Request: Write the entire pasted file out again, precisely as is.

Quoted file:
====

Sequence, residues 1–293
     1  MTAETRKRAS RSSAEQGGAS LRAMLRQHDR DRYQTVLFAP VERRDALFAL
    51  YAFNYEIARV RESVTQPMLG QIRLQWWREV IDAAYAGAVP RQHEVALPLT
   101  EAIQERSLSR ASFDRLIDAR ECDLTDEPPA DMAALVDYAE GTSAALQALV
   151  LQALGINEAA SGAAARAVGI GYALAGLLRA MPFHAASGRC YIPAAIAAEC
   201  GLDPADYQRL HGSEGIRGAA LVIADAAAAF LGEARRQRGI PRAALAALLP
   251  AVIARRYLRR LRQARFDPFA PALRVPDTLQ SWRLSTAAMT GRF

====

Sequence, residues 1–293
     1  MTAETRKRAS RSSAEQGGAS LRAMLRQHDR DRYQTVLFAP VERRDALFAL
    51  YAFNYEIARV RESVTQPMLG QIRLQWWREV IDAAYAGAVP RQHEVALPLT
   101  EAIQERSLSR ASFDRLIDAR ECDLTDEPPA DMAALVDYAE GTSAALQALV
   151  LQALGINEAA SGAAARAVGI GYALAGLLRA MPFHAASGRC YIPAAIAAEC
   201  GLDPADYQRL HGSEGIRGAA LVIADAAAAF LGEARRQRGI PRAALAALLP
   251  AVIARRYLRR LRQARFDPFA PALRVPDTLQ SWRLSTAAMT GRF